VoIP Routing Part 3: Quality Based Routing
Another important Routing method based on quality characteristics of the Route
Another important routing mode is Quality Based Routing. In the method the route is selected based on the best performance from historic data. In the case of Voice telephony, the quality of an individual call can be derived from one or several parameters such as:
- ASR (answer to seizure ratio) – percentage of answered calls vs. all call attempts made. Higher ASR is considered an indication of good route. There are many reasons why the calls are not answered, related to the users, for example: user is busy, user did not pick the phone, phone out of coverage etc. These usually make up fixed percentage regardless of which providers route call takes, and may be up to 40% of all calls (ASR would be 60% in this example). In the ideal case the rest of calls will be answered regardless of which route was chosen. However, there are factors which reduce ASR beyond these numbers, like insufficient capacity, temporary network issues, which vary from provider to provider. That makes ASR highly variable between providers. Note, that ASR also depends on the destination dialed.
- ACD (average call duration) – duration of the call when answered. It is considered an indication of quality: very low ASR values indicate that the conversation was probably unintelligible, and users hung up early. Longer ASR would indicate that voice channel was clear from noise and interruptions, and conversation proceeded to the maximum desired duration.
- PDD (post dial delay) – secondary quality factor. Indicates time between the moment caller party completed the dialing and moment he/she starts to hear ring-back tone. In real terms, it is silence period until you hear the rings on the other side. Shortest PDD indicates better quality. PDD is not completely independent quality parameter: imagine situation where after very long silence after dialing the number, user gives up waiting for signal and hangs up before other side starts to ring: in this case PDD actually affects ASR, route quality can be assessed from ASR.
The quality parameters all are very client and destination- specific. We can observe different ASR and ACD rates for the same destination for different clients. Example take client1 which is residential caller, and client2 which is outbound sales call center. Many people are reluctant to answer phone calls from unknown callers, so in case with client2, the ASR rate will be lower. Also learning that call is from call center which tries to sell something, many just hang up, therefore also ACD will be lower for client2 than client1.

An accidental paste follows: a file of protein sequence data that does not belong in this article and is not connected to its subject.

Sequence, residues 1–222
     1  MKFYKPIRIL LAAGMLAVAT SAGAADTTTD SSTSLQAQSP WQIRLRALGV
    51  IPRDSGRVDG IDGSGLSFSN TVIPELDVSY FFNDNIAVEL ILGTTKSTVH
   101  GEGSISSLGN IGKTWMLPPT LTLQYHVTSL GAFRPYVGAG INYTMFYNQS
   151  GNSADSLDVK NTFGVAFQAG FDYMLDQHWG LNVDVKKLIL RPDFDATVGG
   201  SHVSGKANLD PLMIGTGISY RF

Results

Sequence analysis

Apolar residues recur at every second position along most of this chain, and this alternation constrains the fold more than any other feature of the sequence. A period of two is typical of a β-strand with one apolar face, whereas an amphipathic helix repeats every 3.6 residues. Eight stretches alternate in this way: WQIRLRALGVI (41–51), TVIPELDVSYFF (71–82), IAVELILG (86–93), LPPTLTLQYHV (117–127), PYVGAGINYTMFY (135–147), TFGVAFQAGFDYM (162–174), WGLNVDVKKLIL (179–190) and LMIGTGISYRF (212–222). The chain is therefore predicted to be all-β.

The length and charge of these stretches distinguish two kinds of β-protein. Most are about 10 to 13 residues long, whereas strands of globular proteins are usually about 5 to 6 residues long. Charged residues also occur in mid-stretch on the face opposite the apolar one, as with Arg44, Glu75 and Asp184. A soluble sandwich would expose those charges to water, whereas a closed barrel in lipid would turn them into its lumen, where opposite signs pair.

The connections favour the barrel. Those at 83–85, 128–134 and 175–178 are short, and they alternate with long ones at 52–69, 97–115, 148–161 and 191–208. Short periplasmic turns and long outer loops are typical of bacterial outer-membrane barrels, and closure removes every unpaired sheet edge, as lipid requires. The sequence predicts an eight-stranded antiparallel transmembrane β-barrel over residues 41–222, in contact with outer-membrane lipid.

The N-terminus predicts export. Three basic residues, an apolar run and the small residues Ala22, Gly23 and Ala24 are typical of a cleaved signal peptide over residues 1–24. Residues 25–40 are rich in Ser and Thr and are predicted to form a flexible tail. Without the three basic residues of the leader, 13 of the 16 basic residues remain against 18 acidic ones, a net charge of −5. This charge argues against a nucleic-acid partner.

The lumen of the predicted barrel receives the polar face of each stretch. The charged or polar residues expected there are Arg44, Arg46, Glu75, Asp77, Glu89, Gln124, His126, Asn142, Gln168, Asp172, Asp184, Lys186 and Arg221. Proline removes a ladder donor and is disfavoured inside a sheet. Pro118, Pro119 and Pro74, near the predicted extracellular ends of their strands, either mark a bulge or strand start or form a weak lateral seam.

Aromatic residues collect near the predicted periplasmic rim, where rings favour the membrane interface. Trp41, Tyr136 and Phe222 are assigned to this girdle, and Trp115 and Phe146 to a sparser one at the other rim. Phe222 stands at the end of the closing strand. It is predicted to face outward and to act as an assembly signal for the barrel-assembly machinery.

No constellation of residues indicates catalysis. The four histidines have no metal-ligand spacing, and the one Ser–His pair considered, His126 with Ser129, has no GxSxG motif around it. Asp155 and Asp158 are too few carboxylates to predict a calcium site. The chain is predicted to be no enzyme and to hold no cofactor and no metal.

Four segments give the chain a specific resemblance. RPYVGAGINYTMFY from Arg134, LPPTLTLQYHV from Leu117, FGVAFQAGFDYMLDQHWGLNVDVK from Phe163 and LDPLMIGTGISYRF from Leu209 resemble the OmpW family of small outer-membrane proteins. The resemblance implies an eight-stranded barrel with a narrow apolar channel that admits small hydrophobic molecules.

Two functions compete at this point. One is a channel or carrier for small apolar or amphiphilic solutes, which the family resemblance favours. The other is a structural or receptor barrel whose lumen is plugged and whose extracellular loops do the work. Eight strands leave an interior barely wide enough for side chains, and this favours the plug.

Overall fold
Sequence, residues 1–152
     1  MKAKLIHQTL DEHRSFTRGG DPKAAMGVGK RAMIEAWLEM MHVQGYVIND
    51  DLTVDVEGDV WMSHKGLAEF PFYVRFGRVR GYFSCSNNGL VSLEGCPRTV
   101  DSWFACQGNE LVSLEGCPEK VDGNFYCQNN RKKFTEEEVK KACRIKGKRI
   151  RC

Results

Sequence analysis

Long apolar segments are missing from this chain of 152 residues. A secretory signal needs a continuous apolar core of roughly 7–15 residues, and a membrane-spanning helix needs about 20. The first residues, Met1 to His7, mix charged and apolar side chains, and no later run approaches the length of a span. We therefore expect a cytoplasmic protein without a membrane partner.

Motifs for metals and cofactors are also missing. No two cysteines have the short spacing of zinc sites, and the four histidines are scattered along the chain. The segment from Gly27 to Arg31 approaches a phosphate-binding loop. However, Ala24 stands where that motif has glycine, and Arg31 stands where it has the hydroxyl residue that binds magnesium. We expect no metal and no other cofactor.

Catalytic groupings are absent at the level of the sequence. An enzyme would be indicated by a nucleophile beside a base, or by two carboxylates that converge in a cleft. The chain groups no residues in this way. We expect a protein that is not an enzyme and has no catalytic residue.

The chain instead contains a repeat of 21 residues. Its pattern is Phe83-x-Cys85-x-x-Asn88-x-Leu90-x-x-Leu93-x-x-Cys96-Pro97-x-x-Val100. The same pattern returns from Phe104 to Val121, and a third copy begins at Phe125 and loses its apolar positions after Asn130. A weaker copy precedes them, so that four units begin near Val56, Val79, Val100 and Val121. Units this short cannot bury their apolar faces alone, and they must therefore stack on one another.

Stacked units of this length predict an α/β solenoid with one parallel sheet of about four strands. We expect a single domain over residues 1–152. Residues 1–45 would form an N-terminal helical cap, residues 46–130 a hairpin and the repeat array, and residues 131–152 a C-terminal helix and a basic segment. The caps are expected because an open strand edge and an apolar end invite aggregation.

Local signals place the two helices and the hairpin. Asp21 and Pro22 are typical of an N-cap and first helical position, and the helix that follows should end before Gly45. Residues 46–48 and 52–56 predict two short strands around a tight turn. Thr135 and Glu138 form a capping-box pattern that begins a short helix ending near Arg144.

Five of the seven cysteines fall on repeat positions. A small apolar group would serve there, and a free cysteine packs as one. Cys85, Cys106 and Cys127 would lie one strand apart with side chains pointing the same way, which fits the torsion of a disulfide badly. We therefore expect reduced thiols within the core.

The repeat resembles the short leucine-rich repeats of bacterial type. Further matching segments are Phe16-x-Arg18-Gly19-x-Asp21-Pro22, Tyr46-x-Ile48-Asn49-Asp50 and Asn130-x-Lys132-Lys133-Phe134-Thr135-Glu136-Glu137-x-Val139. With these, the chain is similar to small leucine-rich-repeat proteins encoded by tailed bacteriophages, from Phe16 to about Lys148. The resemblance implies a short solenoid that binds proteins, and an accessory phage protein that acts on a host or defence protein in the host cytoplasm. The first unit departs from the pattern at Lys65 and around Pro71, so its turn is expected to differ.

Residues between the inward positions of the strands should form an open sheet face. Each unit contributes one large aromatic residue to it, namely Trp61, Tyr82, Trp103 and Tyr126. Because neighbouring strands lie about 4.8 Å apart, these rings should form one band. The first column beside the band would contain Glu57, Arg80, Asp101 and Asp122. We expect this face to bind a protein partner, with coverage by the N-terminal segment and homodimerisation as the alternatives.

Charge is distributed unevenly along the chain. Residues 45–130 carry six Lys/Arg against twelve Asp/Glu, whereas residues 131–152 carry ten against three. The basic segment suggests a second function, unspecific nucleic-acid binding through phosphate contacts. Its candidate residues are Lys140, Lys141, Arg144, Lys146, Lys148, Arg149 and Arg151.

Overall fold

While calculating quality, several considerations should be taken in account.
First, the data should be recent. Network conditions vary rapidly, and the ASR values from yesterday may not be true today. Therefore system should be able to use quality parameters from the most recent calls, within last minutes or so.
And secondly, it should have sufficient data. If the specific destination receives only few calls per hours, they do not give enough samples to estimate realistic quality characteristics. Therefore a minimum of few hundred recent calls per destination are necessary for quality based routing to function efficiently.
To sum up, the system should have at least two configurable parameters for quality data collection: the maximum age of the records, and minimum number of records to use.
Some systems, especially VoIP, additionally may use more parameters to collect and estimate quality, such as:
- number of packets received,
- number of packets sent,
- number of octets received,
- number of octets sent.
Low number of packets might indicate problems with voice audio, and large difference in packets/octets received vs sent might indicate problems with one-way audio. On the other hand, these parameters cannot be trusted always: there are cases, especially with automated response systems where audio is one way by definition.
For more straightforward implementation, we would need to agree to one parameter, which would characterize the overall quality of the route. One of the methods used in many systems is to take product of ASR and ACD, since increase of both of these numbers theoretically implies better quality. Therefore Quality Index:
IQ = ASR * ACD
As higher the index, the better is the given route.